Top platypus-spotting tips



2 May 2024 | By Amanda Little

Australia’s iconic platypus inhabits creeks and rivers from Tasmania up the east coast to Cooktown in Queensland. Despite their distinctive appearance with a duck-like bill, webbed feet and thick tail, spotting a platypus in the wild can be quite challenging due to their elusive nature. Increase your platypus-spotting success with these top tips. 

The platypus, a unique monotreme, differs from other mammals in that it lays eggs and secretes milk from pores on the mother’s belly instead of teats. These nocturnal, carnivorous creatures can spend over 12 hours per day foraging, consuming 13% to 28% of their body weight—a rate that increases for breeding females.

One of the platypus’s most fascinating adaptations is its bill, equipped with electroreceptors. These receptors detect the electrical signals emitted by prey such as aquatic insect larvae and crustaceans amid creek debris.

Spotting a platypus in the wild is a truly mesmerizing experience, and knowing what signs to look for greatly increases your chances. 

What to look for

  1. Look for signs in the water: Watch for concentric circles or ripples when they dive, and trails of bubbles may also indicate their movement underwater. Also, watch for a clear bow-wave created by platypuses swimming at the surface. This is especially visible when they are actively feeding or moving between areas.
  2. Observe the shoreline: Search for slide marks and burrow entrances on the banks, usually 10-15 cm in diameter, often concealed by overhangs or vegetation.
  3. Identify footprints: Platypuses can leave unique footprints in the soft mud near the banks of their habitat. Look for these near the entrances of their burrows, which are typically dug into sturdy riverbanks.
  4. Expect smaller sizes: Male platypuses average 50 cm in length and weigh about 1.5 kg, while females are smaller, around 40 cm and 1 kg. Observers are often surprised by their smaller-than-expected size, especially on the mainland.
  5. Understand their habitat: Platypuses thrive in clean rivers and creeks with medium-flowing currents that feature sturdy banks, submerged logs, and overhangs.
  6. Timing is key: Platypuses are most active during dawn and dusk, often with increased visibility during the breeding season in late winter months when males are particularly active.



Circular pattern of ripples surrounding a platypus.

platypus burrow

The entrance to a platypus burrow. 

Is it a platypus or a rakali?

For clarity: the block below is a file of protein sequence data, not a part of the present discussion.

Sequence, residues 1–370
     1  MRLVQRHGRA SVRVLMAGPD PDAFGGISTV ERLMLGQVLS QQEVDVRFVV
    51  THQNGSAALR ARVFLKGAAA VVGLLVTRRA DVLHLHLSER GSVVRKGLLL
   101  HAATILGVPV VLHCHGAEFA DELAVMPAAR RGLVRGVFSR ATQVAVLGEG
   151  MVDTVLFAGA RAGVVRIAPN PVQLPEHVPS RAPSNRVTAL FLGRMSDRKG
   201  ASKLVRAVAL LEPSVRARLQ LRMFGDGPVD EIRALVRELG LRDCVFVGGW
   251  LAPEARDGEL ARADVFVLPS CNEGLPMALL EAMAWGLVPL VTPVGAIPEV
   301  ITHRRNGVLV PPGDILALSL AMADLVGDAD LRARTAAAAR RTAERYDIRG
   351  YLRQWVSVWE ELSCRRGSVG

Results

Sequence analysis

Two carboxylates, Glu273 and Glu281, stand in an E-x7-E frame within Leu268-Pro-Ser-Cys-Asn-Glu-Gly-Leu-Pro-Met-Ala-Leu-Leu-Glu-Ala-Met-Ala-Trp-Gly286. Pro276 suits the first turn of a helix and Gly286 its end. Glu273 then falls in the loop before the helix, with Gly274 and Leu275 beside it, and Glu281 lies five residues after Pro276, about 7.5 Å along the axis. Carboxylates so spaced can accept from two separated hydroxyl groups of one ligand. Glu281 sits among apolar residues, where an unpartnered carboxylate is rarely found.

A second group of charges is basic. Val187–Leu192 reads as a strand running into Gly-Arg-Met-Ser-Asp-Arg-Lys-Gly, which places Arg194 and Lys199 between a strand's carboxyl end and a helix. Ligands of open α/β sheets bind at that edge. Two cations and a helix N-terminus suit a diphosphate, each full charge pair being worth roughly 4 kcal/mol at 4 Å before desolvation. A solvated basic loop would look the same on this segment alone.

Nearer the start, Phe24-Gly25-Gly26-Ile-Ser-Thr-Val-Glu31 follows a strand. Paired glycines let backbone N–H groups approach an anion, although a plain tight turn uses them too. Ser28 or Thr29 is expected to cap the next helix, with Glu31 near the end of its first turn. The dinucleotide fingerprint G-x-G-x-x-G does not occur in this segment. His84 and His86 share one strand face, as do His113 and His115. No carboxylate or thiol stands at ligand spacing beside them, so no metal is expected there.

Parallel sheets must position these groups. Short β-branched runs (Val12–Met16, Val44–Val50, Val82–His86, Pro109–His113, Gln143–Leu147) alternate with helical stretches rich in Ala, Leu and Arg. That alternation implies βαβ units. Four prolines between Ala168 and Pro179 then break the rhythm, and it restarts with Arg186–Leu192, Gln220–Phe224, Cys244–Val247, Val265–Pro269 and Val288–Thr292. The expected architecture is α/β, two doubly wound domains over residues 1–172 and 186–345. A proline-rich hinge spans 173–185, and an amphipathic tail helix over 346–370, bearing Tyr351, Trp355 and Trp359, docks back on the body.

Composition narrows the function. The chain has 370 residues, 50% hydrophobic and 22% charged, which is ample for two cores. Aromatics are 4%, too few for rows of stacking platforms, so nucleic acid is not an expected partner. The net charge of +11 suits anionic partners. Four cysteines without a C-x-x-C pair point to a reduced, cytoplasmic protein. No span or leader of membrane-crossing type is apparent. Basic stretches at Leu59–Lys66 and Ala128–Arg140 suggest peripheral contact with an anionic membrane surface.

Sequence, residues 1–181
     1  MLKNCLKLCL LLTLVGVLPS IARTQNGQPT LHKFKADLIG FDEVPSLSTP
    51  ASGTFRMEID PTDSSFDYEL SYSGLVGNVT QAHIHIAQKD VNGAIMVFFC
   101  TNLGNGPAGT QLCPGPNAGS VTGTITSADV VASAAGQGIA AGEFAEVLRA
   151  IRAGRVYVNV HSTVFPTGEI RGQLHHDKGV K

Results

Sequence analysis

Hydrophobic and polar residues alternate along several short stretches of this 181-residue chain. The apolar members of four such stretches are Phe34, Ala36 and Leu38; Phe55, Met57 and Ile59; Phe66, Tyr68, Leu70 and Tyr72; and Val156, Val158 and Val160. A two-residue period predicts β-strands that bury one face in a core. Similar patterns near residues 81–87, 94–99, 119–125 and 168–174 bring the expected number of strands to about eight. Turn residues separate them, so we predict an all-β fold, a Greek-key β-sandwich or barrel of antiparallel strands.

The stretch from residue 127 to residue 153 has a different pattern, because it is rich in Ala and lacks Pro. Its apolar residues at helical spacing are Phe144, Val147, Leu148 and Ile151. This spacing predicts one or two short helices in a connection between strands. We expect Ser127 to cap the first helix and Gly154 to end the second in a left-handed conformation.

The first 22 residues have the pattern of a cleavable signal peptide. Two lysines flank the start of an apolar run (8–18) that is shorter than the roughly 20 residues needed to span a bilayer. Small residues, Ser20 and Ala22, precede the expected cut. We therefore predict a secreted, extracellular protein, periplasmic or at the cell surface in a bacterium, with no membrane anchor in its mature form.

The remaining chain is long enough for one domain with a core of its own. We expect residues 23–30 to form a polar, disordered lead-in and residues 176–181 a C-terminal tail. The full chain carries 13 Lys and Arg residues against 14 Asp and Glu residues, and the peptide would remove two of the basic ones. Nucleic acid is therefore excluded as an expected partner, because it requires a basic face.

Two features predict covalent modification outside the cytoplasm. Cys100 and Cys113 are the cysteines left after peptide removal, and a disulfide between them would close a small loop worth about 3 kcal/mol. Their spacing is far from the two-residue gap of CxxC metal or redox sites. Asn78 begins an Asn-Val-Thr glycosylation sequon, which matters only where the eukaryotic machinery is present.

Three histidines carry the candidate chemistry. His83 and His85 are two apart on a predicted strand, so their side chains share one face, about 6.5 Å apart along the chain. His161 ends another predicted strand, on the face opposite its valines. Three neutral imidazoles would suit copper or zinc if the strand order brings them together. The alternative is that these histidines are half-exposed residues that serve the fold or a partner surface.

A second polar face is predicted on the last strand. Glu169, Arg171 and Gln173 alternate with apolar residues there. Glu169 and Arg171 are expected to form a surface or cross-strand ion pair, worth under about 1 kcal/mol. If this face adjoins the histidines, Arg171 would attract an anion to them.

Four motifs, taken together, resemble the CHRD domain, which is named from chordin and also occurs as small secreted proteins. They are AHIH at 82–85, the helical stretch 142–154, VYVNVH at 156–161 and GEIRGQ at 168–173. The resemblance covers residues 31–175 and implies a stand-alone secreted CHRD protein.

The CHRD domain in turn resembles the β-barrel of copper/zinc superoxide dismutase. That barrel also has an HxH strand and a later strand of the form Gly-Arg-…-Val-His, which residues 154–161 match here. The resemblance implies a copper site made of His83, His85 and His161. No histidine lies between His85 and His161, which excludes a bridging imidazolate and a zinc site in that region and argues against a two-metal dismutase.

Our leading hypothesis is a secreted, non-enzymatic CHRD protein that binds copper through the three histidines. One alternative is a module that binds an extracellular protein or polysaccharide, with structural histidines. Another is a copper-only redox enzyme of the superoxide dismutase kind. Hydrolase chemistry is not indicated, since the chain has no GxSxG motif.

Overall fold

Despite the platypus’s unique features, it can still be mistaken for other species such as aquatic birds or rakali (native water rats) under poor lighting or from a distance.

Both rakali and platypuses are furry, semi-aquatic mammals that share similar sizes and colours, and often inhabit the same waterways. While platypuses are known for their unique electroreception abilities to navigate and hunt underwater, their coexistence in similar habitats can make them difficult to distinguish.

Watch our video to learn more about their differences and discover fascinating facts that will help you accurately identify a platypus in the wild.

Understanding and protecting platypuses

Wildlife Queensland’s PlatypusWatch has been monitoring platypuses for over eight years, using environmental DNA (eDNA) to track their presence in the Greater Brisbane area. This research supports local conservation efforts such as enhancing riverbank vegetation to protect their natural habitats from erosion and pollution.

In addition, since 2009, Wildlife Queensland has campaigned for a ban on enclosed opera house-style nets in Queensland. Queensland remains the only state not to have fully ban these nets, which continue to cause the indiscriminate drowning deaths of platypuses and other native aquatic wildlife. 

These iconic, one-of-a-kind Australian monotremes need all the help they can get. Alarmingly, some of our eDNA studies in Brisbane waterways have shown negative results for platypus DNA in habitats where platypuses have traditionally been seen. By understanding where platypuses are vulnerable, we can better management decisions to protect this elusive species.

Tamielle Brunt

PlatypusWatch Project Officer, Wildlife Queensland

How you can help

  • Maintain native vegetation along waterways.
  • Dispose of rubbish properly and avoid using harmful chemicals near water systems.
  • Conserve water to reduce the need for excessive irrigation.
  • Sign our petition to ban opera house nets (enclosed yabby traps) in Queensland
  • Report platypus sightings in Queensland to PlatypusWatch: Your sighting information helps us monitor their population and distribution and identify where actions are needed to protect them.

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